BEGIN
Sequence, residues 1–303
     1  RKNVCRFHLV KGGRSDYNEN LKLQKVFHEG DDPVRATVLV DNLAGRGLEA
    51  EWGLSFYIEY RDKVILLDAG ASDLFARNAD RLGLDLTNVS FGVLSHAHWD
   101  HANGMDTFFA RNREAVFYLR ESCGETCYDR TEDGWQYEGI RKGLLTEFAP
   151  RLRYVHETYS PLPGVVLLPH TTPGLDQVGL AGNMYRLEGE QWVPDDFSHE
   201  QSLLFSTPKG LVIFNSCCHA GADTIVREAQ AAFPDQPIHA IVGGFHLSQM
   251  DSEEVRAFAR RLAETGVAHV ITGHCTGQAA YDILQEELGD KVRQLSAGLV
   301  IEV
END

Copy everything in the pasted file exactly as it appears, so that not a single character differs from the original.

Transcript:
Sequence, residues 1–303
     1  RKNVCRFHLV KGGRSDYNEN LKLQKVFHEG DDPVRATVLV DNLAGRGLEA
    51  EWGLSFYIEY RDKVILLDAG ASDLFARNAD RLGLDLTNVS FGVLSHAHWD
   101  HANGMDTFFA RNREAVFYLR ESCGETCYDR TEDGWQYEGI RKGLLTEFAP
   151  RLRYVHETYS PLPGVVLLPH TTPGLDQVGL AGNMYRLEGE QWVPDDFSHE
   201  QSLLFSTPKG LVIFNSCCHA GADTIVREAQ AAFPDQPIHA IVGGFHLSQM
   251  DSEEVRAFAR RLAETGVAHV ITGHCTGQAA YDILQEELGD KVRQLSAGLV
   301  IEV